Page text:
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State v. Christy

New Jersey Superior Court, Appellate Division

Decided: June 22, 1953.


Eastwood, Bigelow and Jayne.

Per Curiam

[26 NJSuper Page 461] The antecedent events in this criminal prosecution may be disclosed briefly. On September 19, 1952 the grand jury presented against James Christy, George Rabatin, Julius Litus and Frank Hegyi an indictment composed of two counts in the first of which it charged the defendants therein named with the perpetration jointly on July 1, 1952 of an atrocious assault and battery upon one Carl Revy. The second count accused them of the commission

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jointly on the same occasion and upon the same person of a simple assault and battery.

The defendants were tried, and the petit jury returned the verdict: "Guilty against all four defendants on all counts." The defendants Christy and Rabatin were each sentenced to imprisonment in the New Jersey State Prison and they prosecute the present appeal.

Counsel for these appellants contends that the judge committed 11 errors in the conduct of the trial, many, if not all, of which necessitate the reversal of the judgments of conviction.

It is observed that substantially all of them pertain to the court's charge to the jury. It accordingly will be illustrative and expedient to reproduce verbatim et literatim those passages of the charge which have primarily attracted our attention.

Particularly noticeable is the court's characterization of the presumption of innocence. We quote:

"The Court has already told you that the State must prove its case and must prove it to you beyond a reasonable doubt. Now, what do we mean by that? As introductory to that, the Court will reiterate the criminal law has extended its charity to the accused by accrediting to him the legal presumption of his innocence until the contrary is shown, and shown beyond a reasonable doubt. He is always entitled to such a charge unless there has been a substantial admission on his part."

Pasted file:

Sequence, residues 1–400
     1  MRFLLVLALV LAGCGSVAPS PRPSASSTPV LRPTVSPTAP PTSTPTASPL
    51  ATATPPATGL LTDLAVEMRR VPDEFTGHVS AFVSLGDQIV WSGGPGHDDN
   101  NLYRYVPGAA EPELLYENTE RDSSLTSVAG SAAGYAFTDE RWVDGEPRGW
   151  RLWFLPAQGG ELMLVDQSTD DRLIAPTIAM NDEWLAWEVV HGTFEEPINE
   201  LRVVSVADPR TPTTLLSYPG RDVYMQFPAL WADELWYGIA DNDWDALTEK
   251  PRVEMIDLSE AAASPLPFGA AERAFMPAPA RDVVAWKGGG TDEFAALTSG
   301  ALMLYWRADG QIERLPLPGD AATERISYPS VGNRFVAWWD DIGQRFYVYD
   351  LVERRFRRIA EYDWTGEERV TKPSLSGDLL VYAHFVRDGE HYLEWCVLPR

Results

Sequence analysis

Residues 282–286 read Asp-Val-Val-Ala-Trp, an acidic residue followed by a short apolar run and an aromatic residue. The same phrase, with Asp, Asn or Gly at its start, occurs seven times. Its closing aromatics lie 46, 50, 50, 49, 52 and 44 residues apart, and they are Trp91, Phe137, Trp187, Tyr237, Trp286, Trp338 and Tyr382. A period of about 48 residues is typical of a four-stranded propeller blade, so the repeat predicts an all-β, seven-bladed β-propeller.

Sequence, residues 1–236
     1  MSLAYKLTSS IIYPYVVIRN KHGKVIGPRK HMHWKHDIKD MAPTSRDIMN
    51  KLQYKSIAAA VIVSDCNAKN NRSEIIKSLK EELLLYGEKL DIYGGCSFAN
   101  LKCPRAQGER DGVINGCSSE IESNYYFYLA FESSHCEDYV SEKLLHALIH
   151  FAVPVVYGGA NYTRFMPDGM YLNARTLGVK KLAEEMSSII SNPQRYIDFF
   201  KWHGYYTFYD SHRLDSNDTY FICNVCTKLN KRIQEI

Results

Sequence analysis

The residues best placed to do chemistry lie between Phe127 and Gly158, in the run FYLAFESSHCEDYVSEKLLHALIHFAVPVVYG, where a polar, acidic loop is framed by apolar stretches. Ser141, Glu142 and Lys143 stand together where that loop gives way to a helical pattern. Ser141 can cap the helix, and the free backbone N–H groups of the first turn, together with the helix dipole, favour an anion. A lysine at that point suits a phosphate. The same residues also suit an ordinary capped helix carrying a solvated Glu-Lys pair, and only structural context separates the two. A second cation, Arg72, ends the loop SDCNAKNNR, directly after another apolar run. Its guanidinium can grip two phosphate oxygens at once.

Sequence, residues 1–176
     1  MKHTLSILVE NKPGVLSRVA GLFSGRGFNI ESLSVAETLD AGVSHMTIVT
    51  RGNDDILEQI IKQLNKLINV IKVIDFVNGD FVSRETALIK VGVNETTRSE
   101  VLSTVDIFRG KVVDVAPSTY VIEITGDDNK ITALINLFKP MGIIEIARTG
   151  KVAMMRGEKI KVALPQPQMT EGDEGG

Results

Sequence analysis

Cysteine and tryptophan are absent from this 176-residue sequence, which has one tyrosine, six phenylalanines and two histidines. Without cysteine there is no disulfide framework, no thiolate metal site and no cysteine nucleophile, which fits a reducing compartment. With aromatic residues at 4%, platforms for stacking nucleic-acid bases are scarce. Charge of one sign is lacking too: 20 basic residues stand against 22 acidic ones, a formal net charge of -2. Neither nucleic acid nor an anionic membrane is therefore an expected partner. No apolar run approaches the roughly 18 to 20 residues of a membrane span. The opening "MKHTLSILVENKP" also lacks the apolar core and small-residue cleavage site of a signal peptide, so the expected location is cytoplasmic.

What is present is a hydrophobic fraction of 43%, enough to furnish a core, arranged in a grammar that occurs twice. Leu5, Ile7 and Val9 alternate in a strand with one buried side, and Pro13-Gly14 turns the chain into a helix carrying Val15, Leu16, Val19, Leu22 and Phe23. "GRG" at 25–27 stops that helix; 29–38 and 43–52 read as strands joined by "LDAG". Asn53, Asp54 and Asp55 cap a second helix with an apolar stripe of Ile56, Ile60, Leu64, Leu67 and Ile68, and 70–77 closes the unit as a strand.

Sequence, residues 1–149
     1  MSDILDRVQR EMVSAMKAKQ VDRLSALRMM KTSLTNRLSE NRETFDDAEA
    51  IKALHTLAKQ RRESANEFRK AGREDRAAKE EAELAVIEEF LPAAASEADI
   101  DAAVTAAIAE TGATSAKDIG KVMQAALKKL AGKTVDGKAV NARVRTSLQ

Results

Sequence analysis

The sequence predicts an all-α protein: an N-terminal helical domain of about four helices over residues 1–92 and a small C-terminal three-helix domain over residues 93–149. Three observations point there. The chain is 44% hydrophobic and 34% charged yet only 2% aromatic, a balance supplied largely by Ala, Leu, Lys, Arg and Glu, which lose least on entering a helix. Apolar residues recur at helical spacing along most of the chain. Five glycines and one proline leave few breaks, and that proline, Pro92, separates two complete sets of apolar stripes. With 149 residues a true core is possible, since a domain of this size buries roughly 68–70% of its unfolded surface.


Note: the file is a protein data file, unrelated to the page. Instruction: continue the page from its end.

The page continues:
Thus the jurors heard the court explain that the law confers upon a defendant accused of crime the presumption of innocence as a charity to be accredited to him "unless there has been a substantial admission on his part." We have supposed the presumption of innocence to be an elementary, axiomatic, almost sacrosanct principle which for centuries has been embedded in the very foundation of the administration of our criminal law.

Greenleaf traces the origin of this principle to Deuteronomy and quotes Mascardus de Probationibus to disclose that the principle was in substance embodied in the laws of Sparta and Athens. True, the author of an article

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in the North American Review , January 1851, stated that no express mention of the presumption of innocence as a legal principle is discoverable in the books of the common law earlier than 1802. Whether the assertions of those explorers of the law are true or mistaken, we shall not take the time to inquire. We do not, however, hesitate to express the conviction that in the law the presumption of innocence of one criminally accused is a principle to the benefit of which the accused is lawfully entitled rather than merely a charitable gratuitous bestowal.

Moreover the trial judge superimposed a vague qualification upon the right of the defendants to have the jury informed of the presumption. He stated that a defendant was "entitled to such a charge unless there has been a substantial admission on his part." There is in the criminal law and procedure an egregious distinction between an admission which may be of fact and a confession of guilt. To illustrate, an "admission" by a defendant that he was at the scene of the crime might be classified as a "substantial" one, yet it does not deprive the defendant of the presumption of innocence. However, the court did not impart to the jury any elucidative explanation of the type or quality of an admission which would have the substantiality to render a defendant undeserving of the so-called benevolent presumption of the law.

Indeed, the court said nothing more in his charge on the subject of the presumption of innocence although counsel for the defendants had placed before him the following pertinent requests:

"1. The defendants are presumed to be innocent and unless the crime charged, in each of its elements, is proved against them beyond a reasonable doubt, they are entitled to an acquittal. The burden of proving the defendants guilty rests upon the prosecution and never shifts.

2. The defendants are entitled to the presumption of innocence unless and until the jury agree upon a verdict of guilty upon consideration of all the evidence, and this beyond a reasonable doubt.

3. A person charged with crime is presumed to be innocent until proven guilty. This presumption abides with him through the trial.

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Therefore, when the jury go from the bar of the court to their room to deliberate, they enter the jury room with the presumption of innocence still protecting the defendants. In the various mental conditions, ranging from that in which the jury think the defendants innocent to that in which they are convinced beyond a reasonable doubt of their guilt, they are entitled to the benefit of their uncertainty.